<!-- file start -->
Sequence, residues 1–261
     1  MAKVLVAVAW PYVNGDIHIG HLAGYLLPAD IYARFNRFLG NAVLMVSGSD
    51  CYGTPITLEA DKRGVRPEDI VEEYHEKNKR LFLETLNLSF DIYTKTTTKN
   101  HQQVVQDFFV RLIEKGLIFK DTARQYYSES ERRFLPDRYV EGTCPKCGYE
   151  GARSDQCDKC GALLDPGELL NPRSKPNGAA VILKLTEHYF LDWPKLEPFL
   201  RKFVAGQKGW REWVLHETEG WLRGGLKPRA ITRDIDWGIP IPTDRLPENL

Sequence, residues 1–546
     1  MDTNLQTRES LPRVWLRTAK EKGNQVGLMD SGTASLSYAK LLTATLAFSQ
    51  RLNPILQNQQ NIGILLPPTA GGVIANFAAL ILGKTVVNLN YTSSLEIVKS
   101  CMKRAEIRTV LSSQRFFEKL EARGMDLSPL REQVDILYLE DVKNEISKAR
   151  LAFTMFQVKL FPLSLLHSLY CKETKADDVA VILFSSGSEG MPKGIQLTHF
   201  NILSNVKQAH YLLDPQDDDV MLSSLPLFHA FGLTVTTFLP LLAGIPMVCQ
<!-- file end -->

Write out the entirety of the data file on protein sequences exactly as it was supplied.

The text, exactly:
Sequence, residues 1–261
     1  MAKVLVAVAW PYVNGDIHIG HLAGYLLPAD IYARFNRFLG NAVLMVSGSD
    51  CYGTPITLEA DKRGVRPEDI VEEYHEKNKR LFLETLNLSF DIYTKTTTKN
   101  HQQVVQDFFV RLIEKGLIFK DTARQYYSES ERRFLPDRYV EGTCPKCGYE
   151  GARSDQCDKC GALLDPGELL NPRSKPNGAA VILKLTEHYF LDWPKLEPFL
   201  RKFVAGQKGW REWVLHETEG WLRGGLKPRA ITRDIDWGIP IPTDRLPENL

Sequence, residues 1–546
     1  MDTNLQTRES LPRVWLRTAK EKGNQVGLMD SGTASLSYAK LLTATLAFSQ
    51  RLNPILQNQQ NIGILLPPTA GGVIANFAAL ILGKTVVNLN YTSSLEIVKS
   101  CMKRAEIRTV LSSQRFFEKL EARGMDLSPL REQVDILYLE DVKNEISKAR
   151  LAFTMFQVKL FPLSLLHSLY CKETKADDVA VILFSSGSEG MPKGIQLTHF
   201  NILSNVKQAH YLLDPQDDDV MLSSLPLFHA FGLTVTTFLP LLAGIPMVCQ